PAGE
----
Page:Queen Moo and the Egyptian Sphinx.djvu/75

From Wikisource
Jump to navigation Jump to search
This page has been proofread, but needs to be validated.

and my rendering of the symbol Page73-Queen Moo and the Egyptian Sphinx 1 Yax-kin.jpg does not conflict with that of Landa.

In the tableau the Maya Empire is portrayed by the beb — a tree with the trunk full of thorns. The trunk is the image of the chain of mountains that traverses the whole country from north to south. There dwelt the masters of the earth, the Volcanoes. They gave it life, power, and strength. This chain is, as it were, its backbone. It terminates at the [[w:Isthmus of Darien|Isthmus of Darien]], to the south. This is why the tree is planted in the character Page75-Queen Moo and the Egyptian Sphinx 2 kan.jpg kan, that Landa tells us was the name for south anciently.[1] At the north, the branch of the tree extends eastward, that is, to the right of the trunk. This branch, the peninsula of Yucatan, is represented by this symbol Page75-Queen Moo and the Egyptian Sphinx 3 peninsula of Yucatan.jpg, which, with but a slight difference in the drawing, is the same as that Page75-Queen Moo and the Egyptian Sphinx 4 u-Ma-yach.jpg placed in the vertical legend, in an inverted position, against the trunk of the tree, by which the author has designated the whole country, calling it u Ma yach, the "land of the shoot," the "land of the vérêtrum," from the name of the peninsula that seems to have been the seat of the government of the Maya Empire.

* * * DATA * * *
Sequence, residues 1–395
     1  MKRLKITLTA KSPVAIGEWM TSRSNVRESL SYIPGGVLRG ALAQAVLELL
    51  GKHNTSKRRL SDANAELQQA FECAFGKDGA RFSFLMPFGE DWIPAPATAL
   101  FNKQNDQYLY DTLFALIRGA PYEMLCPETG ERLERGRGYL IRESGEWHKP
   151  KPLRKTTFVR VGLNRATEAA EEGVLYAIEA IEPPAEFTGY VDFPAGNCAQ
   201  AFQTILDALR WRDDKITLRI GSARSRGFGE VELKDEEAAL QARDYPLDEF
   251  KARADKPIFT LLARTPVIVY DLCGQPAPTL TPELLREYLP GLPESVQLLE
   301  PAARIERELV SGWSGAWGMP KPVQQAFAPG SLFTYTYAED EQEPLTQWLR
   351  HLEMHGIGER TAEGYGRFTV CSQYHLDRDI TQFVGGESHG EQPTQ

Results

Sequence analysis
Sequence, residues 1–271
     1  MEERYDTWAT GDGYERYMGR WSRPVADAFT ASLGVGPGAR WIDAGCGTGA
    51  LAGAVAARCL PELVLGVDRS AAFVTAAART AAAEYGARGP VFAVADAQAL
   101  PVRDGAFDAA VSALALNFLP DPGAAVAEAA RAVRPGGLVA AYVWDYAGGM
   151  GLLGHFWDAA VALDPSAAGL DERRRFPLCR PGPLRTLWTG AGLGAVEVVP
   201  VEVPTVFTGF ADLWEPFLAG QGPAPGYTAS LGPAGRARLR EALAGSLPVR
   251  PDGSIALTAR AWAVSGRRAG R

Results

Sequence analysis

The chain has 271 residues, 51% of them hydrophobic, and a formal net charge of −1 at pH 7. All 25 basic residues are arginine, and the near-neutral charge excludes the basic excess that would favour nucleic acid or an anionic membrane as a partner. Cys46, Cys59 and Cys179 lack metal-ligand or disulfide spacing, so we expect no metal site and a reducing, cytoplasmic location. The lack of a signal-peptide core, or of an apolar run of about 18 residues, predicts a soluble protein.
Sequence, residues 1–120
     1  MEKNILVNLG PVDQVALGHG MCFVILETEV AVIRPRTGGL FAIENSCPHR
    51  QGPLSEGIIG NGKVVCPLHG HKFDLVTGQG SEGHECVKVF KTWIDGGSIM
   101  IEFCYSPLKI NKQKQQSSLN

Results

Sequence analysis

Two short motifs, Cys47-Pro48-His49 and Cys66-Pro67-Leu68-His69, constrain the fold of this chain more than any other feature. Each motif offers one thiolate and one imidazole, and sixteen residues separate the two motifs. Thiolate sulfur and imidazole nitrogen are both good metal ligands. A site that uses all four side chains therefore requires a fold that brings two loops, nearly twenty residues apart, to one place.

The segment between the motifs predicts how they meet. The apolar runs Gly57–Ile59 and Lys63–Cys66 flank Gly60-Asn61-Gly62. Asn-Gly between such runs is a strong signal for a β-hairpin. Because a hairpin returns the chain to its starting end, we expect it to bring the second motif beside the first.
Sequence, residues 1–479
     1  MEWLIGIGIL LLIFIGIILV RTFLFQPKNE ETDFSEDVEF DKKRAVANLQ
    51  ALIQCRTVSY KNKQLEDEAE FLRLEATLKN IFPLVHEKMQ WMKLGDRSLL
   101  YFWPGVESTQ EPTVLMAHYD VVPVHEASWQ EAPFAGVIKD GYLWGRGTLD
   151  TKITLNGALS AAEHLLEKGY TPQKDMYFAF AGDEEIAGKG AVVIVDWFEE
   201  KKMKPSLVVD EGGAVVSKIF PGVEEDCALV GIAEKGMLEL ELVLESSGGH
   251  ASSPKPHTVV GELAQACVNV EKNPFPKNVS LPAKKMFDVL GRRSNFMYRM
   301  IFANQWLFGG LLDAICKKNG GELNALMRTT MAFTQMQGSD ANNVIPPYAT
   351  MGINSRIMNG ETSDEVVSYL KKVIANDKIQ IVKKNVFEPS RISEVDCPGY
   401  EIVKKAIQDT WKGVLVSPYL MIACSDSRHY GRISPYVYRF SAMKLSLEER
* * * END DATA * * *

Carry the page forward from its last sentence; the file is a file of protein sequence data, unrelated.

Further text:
The motive for the slight change in the drawing is easily explained. The peninsula jutting out into the sea from the mainland, as a shoot, a branch from the trunk of the tree, is indicated by the representation of a yach, a vérêtrum, the base of which rests on the sign of land Page75-Queen Moo and the Egyptian Sphinx 5 ma.jpg, ma; or also of a shoot, projecting beyond two Page75-Queen Moo and the Egyptian Sphinx 6 imix.jpg imix, symbols of two basins of water — that is, of the Mexican Gulf and the Caribbean Sea — that are on each side of it. The whole hieroglyph, name of the peninsula, reads therefore

  1. Landa, Las Cosas de Yucatan, chap. xxxiv., p. 206.